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Unique Santa Monica Homeless Shelter for College Students to Re-Open


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By Niki Cervantes
Staff Writer

November 8, 2017 -- A shuttered homeless shelter in Santa Monica for college students -- which had been the only one of its kind in the nation -- is set to re-open soon with the help of three major players in the city’s development community.

WNMS Communities, one of Santa Monica's largest residential developers; Michael W. Folonis Architects, and MAS Construction Group, which have worked together on major projects in the city, provided their services pro bono for the renovation.

Renovation work at the “Students 4 Students Shelter” adjacent to Mt. Olive Lutheran Church could be completed this week or the end of next week, said
Folonis, whose architectural firm voluntarily headed the drawing work and oversaw rehab construction of the 500-square-foot shelter.

A formal dedication is scheduled at the church, located at 1343 Ocean Park Boulevard, Santa Monica, 9 a.m., Sunday, December 3, 2017.

“It’s good to know these students will have a safe place to stay” while completing their course work at UCLA or, in a couple of instances, Santa Monica College, Folonis said. “We’re proud we could do something to help.”

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The shelter, which is adjacent to the church, originally opened in October of 2016 to college students enrolled but unable to afford a place to live except, if they were lucky, in their cars.

It had room enough for seven students, who spent most of their time in school.

The shelter gave them a place to sleep, shower and otherwise live with some stability during non-school hours.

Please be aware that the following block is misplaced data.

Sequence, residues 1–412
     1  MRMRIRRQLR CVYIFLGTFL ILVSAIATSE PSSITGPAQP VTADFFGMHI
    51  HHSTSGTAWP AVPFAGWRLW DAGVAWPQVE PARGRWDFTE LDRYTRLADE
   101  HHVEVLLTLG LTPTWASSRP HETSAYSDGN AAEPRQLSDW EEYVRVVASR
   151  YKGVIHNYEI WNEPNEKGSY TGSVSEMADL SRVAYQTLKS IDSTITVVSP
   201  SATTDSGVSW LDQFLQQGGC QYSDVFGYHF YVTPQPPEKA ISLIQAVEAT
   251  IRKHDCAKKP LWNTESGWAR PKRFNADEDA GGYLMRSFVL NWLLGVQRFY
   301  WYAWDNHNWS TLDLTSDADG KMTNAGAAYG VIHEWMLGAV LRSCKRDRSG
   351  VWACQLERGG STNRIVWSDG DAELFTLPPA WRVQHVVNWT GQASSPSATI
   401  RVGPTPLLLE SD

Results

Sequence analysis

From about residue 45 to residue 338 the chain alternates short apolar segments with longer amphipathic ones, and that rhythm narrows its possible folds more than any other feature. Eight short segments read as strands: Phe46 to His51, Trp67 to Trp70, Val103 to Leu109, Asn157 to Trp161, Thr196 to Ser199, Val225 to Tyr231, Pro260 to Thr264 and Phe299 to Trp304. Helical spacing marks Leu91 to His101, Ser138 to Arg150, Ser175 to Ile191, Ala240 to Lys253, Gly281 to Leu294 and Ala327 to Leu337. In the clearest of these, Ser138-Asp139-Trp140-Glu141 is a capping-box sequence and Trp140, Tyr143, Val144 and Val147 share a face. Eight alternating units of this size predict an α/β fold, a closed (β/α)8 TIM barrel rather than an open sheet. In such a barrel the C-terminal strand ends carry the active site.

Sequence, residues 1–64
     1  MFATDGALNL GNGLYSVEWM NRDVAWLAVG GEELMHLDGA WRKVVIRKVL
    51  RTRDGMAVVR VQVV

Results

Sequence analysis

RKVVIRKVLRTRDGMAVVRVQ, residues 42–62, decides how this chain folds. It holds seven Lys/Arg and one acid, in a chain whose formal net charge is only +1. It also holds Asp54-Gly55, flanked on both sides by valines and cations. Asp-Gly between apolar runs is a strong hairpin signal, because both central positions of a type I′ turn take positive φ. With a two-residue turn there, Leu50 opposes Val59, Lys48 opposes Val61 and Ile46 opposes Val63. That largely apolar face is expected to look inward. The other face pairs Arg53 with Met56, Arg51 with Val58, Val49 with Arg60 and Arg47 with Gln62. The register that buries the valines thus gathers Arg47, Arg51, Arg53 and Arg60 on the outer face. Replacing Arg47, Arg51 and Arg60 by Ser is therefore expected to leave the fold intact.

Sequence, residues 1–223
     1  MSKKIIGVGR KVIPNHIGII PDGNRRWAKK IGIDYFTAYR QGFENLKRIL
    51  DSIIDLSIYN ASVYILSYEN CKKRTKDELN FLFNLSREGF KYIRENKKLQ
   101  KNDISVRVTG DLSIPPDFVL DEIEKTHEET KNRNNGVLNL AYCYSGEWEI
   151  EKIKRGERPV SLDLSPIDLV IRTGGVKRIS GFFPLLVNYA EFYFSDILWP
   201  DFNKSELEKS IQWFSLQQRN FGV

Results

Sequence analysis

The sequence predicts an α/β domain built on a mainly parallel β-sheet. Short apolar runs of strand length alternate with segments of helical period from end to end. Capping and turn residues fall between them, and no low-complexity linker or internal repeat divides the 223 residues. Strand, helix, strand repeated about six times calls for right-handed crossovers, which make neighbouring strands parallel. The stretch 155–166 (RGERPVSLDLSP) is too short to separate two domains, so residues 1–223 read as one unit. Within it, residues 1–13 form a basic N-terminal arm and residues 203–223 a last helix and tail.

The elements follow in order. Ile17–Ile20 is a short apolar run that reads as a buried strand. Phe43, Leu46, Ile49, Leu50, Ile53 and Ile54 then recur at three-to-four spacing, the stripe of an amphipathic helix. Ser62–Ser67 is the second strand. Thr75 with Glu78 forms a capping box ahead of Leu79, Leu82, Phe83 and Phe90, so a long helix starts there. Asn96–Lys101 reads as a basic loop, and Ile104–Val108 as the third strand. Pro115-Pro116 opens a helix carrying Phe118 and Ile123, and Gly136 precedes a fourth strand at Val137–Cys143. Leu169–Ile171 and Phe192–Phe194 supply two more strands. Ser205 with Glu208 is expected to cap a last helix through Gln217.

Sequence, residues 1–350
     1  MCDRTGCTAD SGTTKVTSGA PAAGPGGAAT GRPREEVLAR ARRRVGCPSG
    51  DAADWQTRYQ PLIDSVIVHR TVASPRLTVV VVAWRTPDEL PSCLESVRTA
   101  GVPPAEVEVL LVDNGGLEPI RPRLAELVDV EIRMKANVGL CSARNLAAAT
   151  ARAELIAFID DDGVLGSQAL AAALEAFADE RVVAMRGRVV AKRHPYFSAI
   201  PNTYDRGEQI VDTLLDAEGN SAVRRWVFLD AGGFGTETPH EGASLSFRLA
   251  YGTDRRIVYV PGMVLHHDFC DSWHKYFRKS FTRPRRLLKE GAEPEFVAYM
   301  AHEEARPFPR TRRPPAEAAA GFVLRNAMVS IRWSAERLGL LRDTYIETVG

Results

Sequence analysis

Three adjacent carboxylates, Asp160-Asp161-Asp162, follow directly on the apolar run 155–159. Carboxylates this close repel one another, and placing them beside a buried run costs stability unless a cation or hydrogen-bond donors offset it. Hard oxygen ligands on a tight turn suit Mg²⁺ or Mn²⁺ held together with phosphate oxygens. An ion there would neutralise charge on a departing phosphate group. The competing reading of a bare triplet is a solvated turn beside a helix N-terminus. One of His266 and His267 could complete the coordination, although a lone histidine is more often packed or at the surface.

The shelter closed in April of 2017, with the City requiring extensive renovations and a Minor Use Permit (MUP), as well as construction drawings and a building permit to house the students.

Folonis said as soon as he learned of the issue, he offered the services of his firm pro bono. He also quickly contacted Scott Walter, the chief executive officer of WNMS Communities.

Walter came aboard the pro bono project without hesitating, Folonis said. Then, Walter said, he connected with MAS Construction Group, which is the developer’s construction arm.

The two agreed to do the renovation construction pro bono. Those costs ended up totaling about $40,000, Walter said.

City fees related to the project totaled more than $18,000 –- paid with funding from the City Council and Los Angeles County Supervisor Sheila Kuehl, whose 3rd district stretches to the coast.

Officials said the shelter, known as both the S4S Shelter and the Bruin Shelter, is the first for homeless college students in the nation and only the second homeless shelter run by college students.

Folonis and Walter said they and their companies were excited to step into the project, and will do so again if needed.

“We’re committed to doing everything we can,” Walter said.


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